BEIRUT, LEBANON (2:00 P.M.) – On Friday, April 3rd, the foreign ministers of the NATO nations held a teleconference to discuss the ongoing COVID-19 outbreak and their contingencies; however, the meeting would apparently turn sour when Greece and Turkey traded accusations over Ankara’s decision to open their European border to migrants, the Russian newspaper Gazeta.RU reported.
According to the publication, Turkish Foreign Minister Mevlut Cavusoglu left the virtual meeting earlier than all the other participants after disputes with Greece over migrants.
The diplomat recalled that an agreement was concluded between Ankara and the European Union in 2016, which obliged Turkey to accept about four million refugees from Syria and other countries of the Middle East, and not allow them to go to Europe.
In exchange for this, the EU promised to provide Turkey with assistance in the amount of €6 billion and provide other incentives, such as a visa-free regime for Turkish citizens. Cavusoglu stressed that the EU has not fulfilled its part of the deal.
“We advise them to think about the long term, because it is not just a matter of migration,” he said, demanding from Europe liberalization of the visa regime, updating the agreement on the customs union and strengthening the fight against terrorism.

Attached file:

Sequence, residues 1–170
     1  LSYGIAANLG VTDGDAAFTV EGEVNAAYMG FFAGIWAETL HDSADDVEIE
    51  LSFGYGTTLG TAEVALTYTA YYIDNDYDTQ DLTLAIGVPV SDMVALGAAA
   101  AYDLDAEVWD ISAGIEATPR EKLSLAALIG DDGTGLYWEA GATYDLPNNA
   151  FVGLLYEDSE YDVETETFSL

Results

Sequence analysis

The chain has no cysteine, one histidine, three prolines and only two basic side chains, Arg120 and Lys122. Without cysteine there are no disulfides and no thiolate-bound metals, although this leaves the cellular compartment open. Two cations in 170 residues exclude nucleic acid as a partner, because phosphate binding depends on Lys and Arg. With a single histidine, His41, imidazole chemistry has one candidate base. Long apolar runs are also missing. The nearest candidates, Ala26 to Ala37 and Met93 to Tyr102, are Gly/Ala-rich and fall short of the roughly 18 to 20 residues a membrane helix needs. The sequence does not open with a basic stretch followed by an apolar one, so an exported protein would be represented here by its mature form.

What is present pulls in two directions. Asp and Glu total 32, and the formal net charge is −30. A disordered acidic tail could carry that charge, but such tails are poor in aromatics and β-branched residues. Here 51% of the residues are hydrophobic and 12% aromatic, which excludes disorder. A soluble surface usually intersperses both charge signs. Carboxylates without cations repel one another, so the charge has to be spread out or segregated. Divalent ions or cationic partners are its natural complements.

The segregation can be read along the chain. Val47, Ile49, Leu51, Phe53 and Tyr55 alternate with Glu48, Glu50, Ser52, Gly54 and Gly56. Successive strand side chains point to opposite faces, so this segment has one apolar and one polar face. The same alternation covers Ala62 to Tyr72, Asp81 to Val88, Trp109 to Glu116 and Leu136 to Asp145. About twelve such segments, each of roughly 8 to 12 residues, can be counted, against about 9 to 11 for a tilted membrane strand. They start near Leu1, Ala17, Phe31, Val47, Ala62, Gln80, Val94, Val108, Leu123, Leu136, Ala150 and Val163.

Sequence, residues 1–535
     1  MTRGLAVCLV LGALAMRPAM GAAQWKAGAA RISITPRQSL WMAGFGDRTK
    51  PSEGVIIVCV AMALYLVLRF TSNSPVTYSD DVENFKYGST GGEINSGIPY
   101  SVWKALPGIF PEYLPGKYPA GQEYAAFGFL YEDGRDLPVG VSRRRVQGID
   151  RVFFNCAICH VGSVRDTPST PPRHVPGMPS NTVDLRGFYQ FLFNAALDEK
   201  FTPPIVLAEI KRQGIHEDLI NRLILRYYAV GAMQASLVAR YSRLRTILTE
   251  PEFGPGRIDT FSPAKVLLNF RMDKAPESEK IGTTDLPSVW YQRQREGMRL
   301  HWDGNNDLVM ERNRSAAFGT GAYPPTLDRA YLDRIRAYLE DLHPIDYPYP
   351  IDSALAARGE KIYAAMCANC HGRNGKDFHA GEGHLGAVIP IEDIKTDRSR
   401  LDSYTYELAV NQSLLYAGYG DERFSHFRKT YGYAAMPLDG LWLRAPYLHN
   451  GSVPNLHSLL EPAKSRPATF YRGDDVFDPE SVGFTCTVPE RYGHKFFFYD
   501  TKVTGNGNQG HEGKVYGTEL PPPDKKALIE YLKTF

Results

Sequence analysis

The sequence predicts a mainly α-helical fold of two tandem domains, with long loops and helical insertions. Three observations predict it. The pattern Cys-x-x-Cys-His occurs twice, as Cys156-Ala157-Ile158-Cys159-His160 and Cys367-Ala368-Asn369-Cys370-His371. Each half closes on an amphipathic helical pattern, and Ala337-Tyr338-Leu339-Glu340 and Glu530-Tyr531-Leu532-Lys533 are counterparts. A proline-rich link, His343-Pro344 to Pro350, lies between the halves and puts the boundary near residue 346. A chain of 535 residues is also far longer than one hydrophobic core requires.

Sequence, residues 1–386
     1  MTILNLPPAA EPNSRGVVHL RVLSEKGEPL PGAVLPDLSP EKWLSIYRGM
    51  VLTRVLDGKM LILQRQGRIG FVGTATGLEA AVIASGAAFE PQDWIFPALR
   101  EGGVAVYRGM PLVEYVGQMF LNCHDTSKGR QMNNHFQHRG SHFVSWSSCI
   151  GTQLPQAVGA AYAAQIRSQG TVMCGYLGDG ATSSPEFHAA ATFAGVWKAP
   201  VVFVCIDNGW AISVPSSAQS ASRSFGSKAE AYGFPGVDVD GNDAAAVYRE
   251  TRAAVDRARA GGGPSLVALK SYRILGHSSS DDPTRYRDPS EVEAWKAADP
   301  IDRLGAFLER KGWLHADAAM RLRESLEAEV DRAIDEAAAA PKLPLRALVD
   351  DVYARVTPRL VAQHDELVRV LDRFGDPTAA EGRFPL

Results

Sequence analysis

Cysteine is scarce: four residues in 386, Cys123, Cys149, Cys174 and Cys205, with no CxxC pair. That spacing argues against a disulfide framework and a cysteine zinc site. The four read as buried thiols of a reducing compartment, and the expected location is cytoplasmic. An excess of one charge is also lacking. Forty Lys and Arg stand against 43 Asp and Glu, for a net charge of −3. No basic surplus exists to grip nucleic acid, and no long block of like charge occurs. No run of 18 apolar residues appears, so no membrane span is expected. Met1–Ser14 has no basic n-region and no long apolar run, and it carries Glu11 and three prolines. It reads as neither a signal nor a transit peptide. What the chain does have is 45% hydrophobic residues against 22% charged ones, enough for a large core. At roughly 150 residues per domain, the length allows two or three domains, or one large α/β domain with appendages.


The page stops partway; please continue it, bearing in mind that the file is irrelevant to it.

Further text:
Not long after this, Cavusoglu accused Greece of killing migrants trying to cross the common border of countries.
In response, Greek Foreign Minister Nikos Dendias said that Ankara’s claims are specially organized propaganda for political purposes and have fake news.
“Greece faced an organized and unprecedented attack on its border and a disinformation campaign from Turkey. The methods used by Turkey violated the values of NATO. All allies have the right to call for NATO solidarity, but only if they fulfill their obligations, ”the Greek diplomat emphasized, as quoted by Gazeta.RU.
Cavusoglu demanded to give him the opportunity to answer, but NATO Secretary-General Jens Stoltenberg stopped this attempt, so as not to contribute to inciting scandal online.
The Turkish Foreign Minister, in response, disconnected from the conference.
Turkish and Greek relations are at a decade-long low, as disagreements over the movement of migrants and Ankara’s oil exploration off the coast of Cyprus has put the two countries at odds.